Lets hear it for Edgy Co-existence

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Another stimulating couple of days with the Ellen MacArthur team on the Isle of Wight working with a richly diverse group of people from across interests, disciplines and sectors, all of whom are working with the Foundation on the idea of the Circular Economy, one way or another.   We did one exercise that focused on 10 Winning strategies for the ecological age that had been worked up by ARUP’s Peter Head based around Janine Benyus' Biomimicry [ See her TED talk ], with a strap line of smart responsive simplicity.  The 10 strategies are:

1   Use waste as a resource

2   Diversify and co-operate

3   Gather and use energy efficiently

4   Optimise not maximise

5   Use materials sparingly

6   Clean up, not pollute

7   Do not draw down resources

8   Remain in balance with the biosphere

9   Run on information

10 Shop locally

Some of these seems self-evident at the common sense level, others much less so.  The 2nd,  "Diversify and co-operate" stimulated a lively discussion about whatever happened to the idea of competition, particularly as this is often more visible than co-operation in the everyday natural world that inspires this list.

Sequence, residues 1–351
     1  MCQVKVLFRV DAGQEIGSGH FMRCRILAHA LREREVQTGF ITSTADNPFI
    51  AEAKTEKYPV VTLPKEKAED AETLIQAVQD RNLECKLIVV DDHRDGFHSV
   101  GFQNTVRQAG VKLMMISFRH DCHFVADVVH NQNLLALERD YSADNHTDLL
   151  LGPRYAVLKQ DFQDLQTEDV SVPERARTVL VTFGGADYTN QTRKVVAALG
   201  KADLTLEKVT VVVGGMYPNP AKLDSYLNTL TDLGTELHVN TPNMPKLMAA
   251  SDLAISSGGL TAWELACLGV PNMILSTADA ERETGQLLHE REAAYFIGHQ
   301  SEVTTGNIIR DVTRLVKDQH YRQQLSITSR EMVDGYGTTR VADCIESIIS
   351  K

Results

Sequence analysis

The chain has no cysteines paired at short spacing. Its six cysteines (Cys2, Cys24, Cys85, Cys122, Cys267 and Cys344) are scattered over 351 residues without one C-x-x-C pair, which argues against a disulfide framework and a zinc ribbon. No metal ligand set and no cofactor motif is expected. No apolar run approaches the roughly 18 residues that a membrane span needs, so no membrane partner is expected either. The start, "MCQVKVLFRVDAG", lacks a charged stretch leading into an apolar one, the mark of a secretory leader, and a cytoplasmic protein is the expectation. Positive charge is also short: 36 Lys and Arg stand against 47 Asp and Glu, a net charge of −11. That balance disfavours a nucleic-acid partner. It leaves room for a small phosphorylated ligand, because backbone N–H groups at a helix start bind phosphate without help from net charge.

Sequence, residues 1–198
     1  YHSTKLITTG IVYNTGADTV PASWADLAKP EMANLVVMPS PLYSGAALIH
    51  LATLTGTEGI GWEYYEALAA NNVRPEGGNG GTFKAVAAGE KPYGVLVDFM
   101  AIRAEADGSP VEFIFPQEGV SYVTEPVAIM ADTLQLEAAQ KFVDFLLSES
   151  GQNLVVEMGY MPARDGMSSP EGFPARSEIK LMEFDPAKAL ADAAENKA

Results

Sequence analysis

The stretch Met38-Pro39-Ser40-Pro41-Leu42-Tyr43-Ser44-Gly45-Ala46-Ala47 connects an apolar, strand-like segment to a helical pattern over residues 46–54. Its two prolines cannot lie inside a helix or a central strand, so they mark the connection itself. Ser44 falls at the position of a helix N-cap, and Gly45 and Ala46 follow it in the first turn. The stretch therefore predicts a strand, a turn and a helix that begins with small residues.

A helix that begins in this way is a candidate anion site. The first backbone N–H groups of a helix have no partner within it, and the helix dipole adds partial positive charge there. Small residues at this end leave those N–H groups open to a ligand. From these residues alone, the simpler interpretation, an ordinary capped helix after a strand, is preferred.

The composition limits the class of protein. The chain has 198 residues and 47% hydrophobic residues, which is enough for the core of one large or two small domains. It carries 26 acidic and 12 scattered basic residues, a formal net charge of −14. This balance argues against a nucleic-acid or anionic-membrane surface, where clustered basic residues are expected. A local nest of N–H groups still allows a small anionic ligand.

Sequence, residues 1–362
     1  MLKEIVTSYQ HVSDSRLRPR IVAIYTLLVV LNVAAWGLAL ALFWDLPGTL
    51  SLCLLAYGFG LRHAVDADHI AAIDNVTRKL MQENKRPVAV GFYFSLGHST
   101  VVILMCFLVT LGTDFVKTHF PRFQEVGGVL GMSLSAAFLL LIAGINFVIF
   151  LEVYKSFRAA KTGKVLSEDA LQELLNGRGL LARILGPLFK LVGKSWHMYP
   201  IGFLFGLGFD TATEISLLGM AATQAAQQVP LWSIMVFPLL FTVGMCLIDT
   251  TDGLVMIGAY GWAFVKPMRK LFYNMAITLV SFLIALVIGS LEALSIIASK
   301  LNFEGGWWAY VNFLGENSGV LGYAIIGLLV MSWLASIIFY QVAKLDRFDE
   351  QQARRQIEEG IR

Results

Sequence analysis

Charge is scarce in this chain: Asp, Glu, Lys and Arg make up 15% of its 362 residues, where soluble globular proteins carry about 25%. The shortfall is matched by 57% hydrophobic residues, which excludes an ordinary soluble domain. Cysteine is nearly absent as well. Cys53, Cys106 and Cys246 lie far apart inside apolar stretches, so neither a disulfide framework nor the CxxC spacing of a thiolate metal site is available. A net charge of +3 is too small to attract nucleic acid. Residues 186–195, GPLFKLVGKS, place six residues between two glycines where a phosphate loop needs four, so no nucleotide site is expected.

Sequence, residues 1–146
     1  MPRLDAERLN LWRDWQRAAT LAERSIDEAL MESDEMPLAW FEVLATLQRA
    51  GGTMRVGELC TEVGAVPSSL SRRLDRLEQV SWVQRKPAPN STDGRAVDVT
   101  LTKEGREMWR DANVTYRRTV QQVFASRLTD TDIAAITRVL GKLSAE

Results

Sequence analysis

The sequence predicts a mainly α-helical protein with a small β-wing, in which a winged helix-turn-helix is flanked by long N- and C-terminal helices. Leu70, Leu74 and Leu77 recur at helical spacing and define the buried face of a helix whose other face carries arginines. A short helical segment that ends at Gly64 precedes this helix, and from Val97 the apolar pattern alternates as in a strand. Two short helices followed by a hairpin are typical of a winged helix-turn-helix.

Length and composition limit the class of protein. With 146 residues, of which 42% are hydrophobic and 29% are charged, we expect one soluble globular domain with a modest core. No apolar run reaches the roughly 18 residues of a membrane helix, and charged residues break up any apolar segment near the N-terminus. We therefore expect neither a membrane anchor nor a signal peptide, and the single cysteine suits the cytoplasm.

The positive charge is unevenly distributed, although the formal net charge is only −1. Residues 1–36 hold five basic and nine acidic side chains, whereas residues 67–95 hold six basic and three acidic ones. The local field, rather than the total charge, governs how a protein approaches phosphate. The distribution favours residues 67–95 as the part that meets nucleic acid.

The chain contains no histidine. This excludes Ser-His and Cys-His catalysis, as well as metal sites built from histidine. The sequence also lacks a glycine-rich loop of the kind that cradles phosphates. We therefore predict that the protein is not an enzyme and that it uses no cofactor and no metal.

It boils down to a question of preferred metaphors, of course, with nature red in tooth and claw often being seen to be too redolent of markets, competition and capitalism to be dwelt on by sensitive souls who don’t think that these can have much of a role in a sustainable future – and don't want them to have any such a role.  Nature as warmly collaborative and nurturing is a much nicer template for a preferred human future, especially if your tastes run to the more local, the simpler, and to a stepping back to a better time (though when this was is a puzzle).  Nature might be socially constructed, but that doesn't mean you can construct is any old how.

The reason that we have two metaphors is because these collaborative and competitive tendencies are both full on, all the time, resulting in a very edgy co-existence – and giving the natural world its resilience and diversity.  To pretend otherwise seems dishonest.

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